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Magn Reson Med. 2009 Mar;61(3):668-77. doi: 10.1002/mrm.21878.

MR elastography of the human heart: noninvasive assessment of myocardial elasticity changes by shear wave amplitude variations.

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Department of Radiology, Charité-Universitätsmedizin Berlin, Berlin, Germany.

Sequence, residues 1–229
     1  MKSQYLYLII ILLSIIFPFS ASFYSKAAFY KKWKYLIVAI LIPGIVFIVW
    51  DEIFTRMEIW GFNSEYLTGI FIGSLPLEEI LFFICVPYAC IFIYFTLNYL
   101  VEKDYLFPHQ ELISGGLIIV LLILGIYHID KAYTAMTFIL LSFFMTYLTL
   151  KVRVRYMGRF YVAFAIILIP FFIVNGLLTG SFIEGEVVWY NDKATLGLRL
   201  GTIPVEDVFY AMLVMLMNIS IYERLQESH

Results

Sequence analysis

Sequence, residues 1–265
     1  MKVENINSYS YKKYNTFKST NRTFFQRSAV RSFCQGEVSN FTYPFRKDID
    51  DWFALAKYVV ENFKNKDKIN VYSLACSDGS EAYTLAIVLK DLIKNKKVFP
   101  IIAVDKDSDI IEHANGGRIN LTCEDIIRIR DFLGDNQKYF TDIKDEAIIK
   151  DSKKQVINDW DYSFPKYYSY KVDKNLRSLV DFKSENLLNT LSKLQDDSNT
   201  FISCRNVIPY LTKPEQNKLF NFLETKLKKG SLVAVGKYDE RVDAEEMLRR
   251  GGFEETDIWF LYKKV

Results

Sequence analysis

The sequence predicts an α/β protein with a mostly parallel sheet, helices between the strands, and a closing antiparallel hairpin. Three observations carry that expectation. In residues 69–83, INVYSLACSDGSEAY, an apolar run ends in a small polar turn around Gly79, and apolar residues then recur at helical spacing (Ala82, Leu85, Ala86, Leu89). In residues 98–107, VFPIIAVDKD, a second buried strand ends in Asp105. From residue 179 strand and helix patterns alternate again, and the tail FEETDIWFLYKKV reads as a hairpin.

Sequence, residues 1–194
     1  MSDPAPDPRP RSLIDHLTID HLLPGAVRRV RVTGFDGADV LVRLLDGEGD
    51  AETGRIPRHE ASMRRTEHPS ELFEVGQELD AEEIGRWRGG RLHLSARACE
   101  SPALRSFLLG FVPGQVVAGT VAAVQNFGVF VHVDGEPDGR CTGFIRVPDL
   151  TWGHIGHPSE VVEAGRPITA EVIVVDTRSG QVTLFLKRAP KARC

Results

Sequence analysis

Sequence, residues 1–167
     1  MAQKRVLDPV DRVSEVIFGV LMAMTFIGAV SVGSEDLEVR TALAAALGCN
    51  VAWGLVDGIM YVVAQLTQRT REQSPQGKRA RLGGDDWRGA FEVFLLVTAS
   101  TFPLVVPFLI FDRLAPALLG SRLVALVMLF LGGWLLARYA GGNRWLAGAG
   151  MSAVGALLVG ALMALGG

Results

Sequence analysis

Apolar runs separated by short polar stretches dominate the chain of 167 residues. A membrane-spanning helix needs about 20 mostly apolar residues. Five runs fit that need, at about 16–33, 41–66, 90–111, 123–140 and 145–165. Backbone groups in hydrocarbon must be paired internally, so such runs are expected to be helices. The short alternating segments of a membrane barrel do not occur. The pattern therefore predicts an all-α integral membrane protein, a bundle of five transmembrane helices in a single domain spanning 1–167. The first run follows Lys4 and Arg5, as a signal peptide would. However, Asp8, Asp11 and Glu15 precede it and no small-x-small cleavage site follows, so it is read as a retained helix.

Many cardiovascular diseases and disorders are associated with hemodynamic dysfunction. The heart's ability to contract and pump blood through the vascular system primarily depends on the elasticity of the myocardium. This article introduces a magnetic resonance elastography (MRE) technique that allows noninvasive and time-resolved measurement of changes in myocardial elasticity over the cardiac cycle. To this end, low-frequency shear vibrations of 24.3 Hz were induced in the human heart via the anterior chest wall. An electrocardiograph (ECG)-triggered, steady-state MRE sequence was used to capture shear oscillations with a frame rate of eight images per vibration cycle. The time evolution of 2D-shear wave fields was observed in two imaging planes through the short axis of the heart in six healthy volunteers. Correlation analysis revealed that wave amplitudes were modulated in synchrony to the heartbeat with up to 2.45 +/- 0.18 higher amplitudes during diastole than during systole (interindividual mean +/- SD). The reduction of wave amplitudes started at 75 +/- 9 ms prior to changes in left ventricular diameter occurring at the beginning of systole. Analysis of this wave amplitude alteration using a linear elastic constitutive model revealed a maximum change in the myocardial wall stiffness of a factor of 37.7 +/- 10.6 during the cardiac cycle.

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